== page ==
User experience (UX) is now widely recognized as essential to business strategy and is recognized for having a positive impact on several key performance indicators and business goals. However, data compiled in our UX 360 report found that nearly two-thirds (63%) of digital experience professionals wish they could prove the value of UX to leadership.
Executives are only likely to invest in UX if they see tangible results continuously. Therefore, digital experience professionals must demonstrate the value of UX improvements analytically rigorously that’s directly tied to business goals.
Tips for measuring user experience
User experience has historically been an invisible factor. The effect of any improvements made to the user experience can seem intangible.
However, by implementing a UX measurement program tied to business KPIs, you put a numerical value on UX improvement that you can track and manage.
This will give great confidence in design decisions, provide concrete evidence that a UX change made headway on a specific KPI, and give you clear data to communicate to leadership teams and stakeholders.
Below, we highlight the five most important things to remember when launching a UX measurement program.
1. Use both qualitative and quantitative data
Only 57% of digital experience professionals have quantitative data points to track UX performance. To get a complete view of the experience, use both quantitative—large sample sizes to provide high confidence—and qualitative data to see real users interacting with your digital experience and hear their perspectives.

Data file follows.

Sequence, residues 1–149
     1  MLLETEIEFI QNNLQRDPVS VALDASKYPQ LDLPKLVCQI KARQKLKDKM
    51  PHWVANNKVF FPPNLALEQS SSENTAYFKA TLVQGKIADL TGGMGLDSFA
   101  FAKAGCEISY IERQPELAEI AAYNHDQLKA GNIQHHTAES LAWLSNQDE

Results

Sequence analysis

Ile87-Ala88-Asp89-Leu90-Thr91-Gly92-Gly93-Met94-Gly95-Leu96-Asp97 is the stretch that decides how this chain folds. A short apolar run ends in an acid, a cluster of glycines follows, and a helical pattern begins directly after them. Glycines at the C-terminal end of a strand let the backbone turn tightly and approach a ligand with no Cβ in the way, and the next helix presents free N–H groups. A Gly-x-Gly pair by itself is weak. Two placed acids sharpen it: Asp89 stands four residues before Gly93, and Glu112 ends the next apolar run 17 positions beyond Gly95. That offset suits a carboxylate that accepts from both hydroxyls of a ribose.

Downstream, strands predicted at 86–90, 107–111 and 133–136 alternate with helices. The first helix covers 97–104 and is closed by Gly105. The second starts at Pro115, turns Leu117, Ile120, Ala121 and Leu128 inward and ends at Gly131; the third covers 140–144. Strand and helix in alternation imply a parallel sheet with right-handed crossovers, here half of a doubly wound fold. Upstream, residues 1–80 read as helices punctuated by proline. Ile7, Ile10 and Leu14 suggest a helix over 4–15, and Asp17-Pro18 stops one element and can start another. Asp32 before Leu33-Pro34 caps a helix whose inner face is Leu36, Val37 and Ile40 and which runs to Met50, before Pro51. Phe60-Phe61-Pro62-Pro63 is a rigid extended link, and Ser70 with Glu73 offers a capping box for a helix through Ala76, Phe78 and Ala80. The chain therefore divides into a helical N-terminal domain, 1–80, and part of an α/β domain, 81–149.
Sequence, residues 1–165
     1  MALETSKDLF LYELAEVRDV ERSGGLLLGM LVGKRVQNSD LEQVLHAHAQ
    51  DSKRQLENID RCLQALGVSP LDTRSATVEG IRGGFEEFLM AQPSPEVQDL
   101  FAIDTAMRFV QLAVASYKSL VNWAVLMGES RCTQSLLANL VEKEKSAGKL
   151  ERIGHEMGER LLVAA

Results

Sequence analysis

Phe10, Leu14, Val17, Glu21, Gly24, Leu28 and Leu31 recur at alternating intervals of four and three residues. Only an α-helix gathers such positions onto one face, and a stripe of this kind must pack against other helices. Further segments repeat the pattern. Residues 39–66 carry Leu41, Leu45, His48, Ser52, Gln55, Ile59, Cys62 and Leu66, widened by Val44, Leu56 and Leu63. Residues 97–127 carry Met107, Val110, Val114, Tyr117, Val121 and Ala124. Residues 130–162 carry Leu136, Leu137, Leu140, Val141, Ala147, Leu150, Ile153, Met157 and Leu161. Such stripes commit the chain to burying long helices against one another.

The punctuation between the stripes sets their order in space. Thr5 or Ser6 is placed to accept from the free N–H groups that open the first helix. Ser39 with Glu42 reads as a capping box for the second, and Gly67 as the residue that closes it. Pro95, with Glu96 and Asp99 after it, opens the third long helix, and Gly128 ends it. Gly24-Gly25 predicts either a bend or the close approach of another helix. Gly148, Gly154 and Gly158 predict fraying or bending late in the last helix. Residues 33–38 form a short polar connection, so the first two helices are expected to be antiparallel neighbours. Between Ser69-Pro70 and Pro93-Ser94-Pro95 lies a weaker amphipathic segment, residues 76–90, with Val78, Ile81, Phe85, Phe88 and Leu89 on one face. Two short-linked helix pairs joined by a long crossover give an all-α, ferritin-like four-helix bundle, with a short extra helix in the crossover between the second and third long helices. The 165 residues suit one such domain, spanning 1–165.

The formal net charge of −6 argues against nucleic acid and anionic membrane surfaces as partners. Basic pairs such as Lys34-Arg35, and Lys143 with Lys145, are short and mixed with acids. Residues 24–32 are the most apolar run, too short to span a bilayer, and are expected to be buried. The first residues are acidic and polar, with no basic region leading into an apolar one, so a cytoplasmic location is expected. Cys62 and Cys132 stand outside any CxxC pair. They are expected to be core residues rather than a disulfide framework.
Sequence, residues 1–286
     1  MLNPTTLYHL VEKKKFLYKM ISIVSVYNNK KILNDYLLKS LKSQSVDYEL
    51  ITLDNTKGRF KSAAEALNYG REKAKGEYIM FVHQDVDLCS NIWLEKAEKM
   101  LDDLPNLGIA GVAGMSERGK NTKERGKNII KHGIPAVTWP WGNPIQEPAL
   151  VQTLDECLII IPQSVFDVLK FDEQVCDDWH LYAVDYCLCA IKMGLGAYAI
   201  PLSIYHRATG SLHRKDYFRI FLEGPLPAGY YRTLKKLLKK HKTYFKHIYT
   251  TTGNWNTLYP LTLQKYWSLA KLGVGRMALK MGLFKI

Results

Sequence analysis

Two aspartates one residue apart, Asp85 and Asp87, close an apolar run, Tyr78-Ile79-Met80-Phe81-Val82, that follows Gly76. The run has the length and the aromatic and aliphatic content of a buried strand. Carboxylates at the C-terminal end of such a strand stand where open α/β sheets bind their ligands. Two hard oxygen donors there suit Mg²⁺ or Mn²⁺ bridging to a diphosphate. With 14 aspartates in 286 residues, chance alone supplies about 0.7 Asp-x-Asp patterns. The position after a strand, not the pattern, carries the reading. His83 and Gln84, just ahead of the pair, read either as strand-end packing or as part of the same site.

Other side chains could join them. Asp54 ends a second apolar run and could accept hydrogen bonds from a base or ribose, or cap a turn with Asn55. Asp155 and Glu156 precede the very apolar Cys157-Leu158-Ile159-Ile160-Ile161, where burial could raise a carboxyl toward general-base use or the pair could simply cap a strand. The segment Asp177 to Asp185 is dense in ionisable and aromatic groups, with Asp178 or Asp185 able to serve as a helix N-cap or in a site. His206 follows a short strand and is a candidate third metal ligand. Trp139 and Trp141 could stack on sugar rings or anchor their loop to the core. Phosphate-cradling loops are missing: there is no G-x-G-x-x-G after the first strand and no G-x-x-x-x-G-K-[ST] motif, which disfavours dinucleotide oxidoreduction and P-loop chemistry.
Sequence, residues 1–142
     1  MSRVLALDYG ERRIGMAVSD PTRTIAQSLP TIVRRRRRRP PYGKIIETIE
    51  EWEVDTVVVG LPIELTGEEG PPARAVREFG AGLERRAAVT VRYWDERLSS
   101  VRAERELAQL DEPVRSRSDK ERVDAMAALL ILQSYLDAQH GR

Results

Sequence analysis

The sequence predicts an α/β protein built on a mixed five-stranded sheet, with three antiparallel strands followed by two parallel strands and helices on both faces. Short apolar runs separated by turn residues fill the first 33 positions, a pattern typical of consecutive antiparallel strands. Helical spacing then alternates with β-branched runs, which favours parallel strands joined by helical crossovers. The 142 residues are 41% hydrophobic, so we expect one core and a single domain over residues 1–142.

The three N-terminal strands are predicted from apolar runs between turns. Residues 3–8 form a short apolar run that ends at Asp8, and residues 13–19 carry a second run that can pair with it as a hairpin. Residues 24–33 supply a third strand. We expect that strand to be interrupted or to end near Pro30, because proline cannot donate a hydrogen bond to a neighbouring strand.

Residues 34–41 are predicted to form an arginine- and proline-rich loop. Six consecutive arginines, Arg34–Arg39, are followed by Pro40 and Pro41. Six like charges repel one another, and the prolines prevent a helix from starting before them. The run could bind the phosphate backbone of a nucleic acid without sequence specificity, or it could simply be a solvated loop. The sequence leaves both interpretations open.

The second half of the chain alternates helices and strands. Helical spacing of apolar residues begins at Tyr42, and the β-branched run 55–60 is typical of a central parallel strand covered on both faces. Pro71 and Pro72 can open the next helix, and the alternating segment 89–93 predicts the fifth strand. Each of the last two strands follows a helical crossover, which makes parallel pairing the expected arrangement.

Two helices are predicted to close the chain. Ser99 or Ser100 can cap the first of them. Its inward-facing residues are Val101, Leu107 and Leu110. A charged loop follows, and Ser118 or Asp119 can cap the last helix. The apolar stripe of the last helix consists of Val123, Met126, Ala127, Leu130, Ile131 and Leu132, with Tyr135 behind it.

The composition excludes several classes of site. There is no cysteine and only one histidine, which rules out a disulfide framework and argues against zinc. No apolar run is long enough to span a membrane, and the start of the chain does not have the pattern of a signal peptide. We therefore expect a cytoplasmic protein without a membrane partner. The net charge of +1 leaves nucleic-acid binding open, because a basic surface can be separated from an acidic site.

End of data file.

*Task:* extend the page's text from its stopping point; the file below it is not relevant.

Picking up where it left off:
Additional reading: Qualitative vs quantitative research
2. Tie behavioral and attitudinal metrics together
Using behavioral and attitudinal data provides a deeper understanding of what users do, why, and how they feel about an experience. This leads to actionable insights for how to improve the experience.
3. Involve the entire organization in KPI decision-making
Not only will you choose KPIs that support the wider organization's goal, but you'll get buy-in and support from other departments for the UX measurement program.
4. Start small
Instead of starting with a full-blown UX program across every product, make small steps. Choose a north star metric for an individual experience. Evaluate whether it makes sense to report on and repeat from there.
5. Be consistent
If a designer is doing an iterative usability test, ensure they're including the metrics that matter, just as a UX researcher would. This makes UX measurement easier across a larger organization or where multiple teams own UX.
Rapid research framework
Good research takes intention, planning, clear goals, and proper methods. There will always be certain aspects of research that take time. But if we look at the entire research journey, from question to insight, some fluff can be eliminated. That’s why the rapid research framework was created.